They seem to be trying to set up an ecosystem for sharing ideas about startup businesses, and then using prediction markets to pick and fund then winners. While there are definite SEC issues that they have to work out (eg, their markets have to use funny money), I thought the biggest potential hole was the lack of secrecy. If I post my business plan online and then discuss it with thousands of strangers, what’s to prevent someone from grabbing the best idea themselves and hawking it to a VC?

    Interested in hearing what you think about this setup … it seems right up your alley.

  • http://profile.typekey.com/robinhanson/ Robin Hanson

    Botogol, great quote.

    Hopefully, I’d make the pitch if allowed, but Nevada avoids non-sports betting to avoid a public “scandal” that might close down all betting.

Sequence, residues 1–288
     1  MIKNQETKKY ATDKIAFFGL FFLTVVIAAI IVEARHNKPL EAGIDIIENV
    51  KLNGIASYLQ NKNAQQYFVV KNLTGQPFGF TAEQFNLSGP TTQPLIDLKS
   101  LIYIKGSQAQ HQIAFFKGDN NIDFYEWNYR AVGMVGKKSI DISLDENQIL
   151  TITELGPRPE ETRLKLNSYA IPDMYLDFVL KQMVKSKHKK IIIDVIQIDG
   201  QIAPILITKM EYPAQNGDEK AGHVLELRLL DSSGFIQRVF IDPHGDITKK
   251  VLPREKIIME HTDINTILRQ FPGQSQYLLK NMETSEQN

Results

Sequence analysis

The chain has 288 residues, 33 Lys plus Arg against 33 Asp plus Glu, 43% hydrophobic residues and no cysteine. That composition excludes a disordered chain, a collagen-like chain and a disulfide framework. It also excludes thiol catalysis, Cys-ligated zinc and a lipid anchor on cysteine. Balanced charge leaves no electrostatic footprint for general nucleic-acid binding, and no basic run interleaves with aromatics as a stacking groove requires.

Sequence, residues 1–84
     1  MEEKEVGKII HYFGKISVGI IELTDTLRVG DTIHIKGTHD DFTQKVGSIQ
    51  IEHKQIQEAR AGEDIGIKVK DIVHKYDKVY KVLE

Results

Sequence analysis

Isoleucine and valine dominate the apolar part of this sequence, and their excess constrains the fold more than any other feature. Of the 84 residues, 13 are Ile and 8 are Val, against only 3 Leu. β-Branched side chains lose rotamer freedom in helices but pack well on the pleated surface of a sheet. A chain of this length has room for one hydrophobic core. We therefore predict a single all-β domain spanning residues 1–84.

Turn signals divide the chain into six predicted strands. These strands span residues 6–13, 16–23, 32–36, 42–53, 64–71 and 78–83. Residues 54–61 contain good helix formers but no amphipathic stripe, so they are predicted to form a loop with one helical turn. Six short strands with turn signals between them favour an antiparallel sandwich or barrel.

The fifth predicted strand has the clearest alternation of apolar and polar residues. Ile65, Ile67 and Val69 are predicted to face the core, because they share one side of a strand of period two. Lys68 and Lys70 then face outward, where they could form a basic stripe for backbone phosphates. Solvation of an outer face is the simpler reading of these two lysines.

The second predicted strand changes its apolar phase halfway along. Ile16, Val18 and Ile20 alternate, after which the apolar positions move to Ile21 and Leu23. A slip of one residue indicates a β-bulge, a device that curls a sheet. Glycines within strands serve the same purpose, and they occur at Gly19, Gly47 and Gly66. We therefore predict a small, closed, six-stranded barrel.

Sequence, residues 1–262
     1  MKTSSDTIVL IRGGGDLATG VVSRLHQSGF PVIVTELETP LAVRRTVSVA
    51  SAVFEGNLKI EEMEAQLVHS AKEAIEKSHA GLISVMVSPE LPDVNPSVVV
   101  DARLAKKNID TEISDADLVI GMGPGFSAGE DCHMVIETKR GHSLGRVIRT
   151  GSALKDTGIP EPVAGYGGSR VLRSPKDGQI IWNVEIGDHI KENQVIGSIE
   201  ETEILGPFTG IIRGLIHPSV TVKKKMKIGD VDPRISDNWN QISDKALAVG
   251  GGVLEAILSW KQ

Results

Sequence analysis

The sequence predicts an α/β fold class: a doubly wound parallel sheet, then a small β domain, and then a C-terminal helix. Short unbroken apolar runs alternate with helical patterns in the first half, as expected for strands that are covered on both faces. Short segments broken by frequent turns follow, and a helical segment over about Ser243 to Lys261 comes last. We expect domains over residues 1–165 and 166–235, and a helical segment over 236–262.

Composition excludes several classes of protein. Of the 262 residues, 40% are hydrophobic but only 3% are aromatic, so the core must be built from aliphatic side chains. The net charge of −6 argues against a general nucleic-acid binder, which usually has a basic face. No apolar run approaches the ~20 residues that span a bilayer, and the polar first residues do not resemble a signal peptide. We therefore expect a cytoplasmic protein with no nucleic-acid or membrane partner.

Zenkat, if by keeping control you prevent your idea from being used, then what is the point?

  • http://byrneseyeview.com Byrne

    I thought the biggest potential hole was the lack of secrecy. If I post my business plan online and then discuss it with thousands of strangers, what’s to prevent someone from grabbing the best idea themselves and hawking it to a VC?

    That concern is academic — in the sense that it’s pretty theoretical, and in the sense that it’s the kind of concern that is really only relevant when the idea is the important part and the execution is incidental. As a much smarter guy than I once said:

    Actually, startup ideas are not million dollar ideas, and here’s an experiment you can try to prove it: just try to sell one. Nothing evolves faster than markets. The fact that there’s no market for startup ideas suggests there’s no demand. Which means, in the narrow sense of the word, that startup ideas are worthless.

    I can think of a few “idea” companies, but the main one (Google) has an idea that is incredibly hard to actually implement: how the hell do you such a massive matrix without melting all your servers?

  • Hopefully Anonymous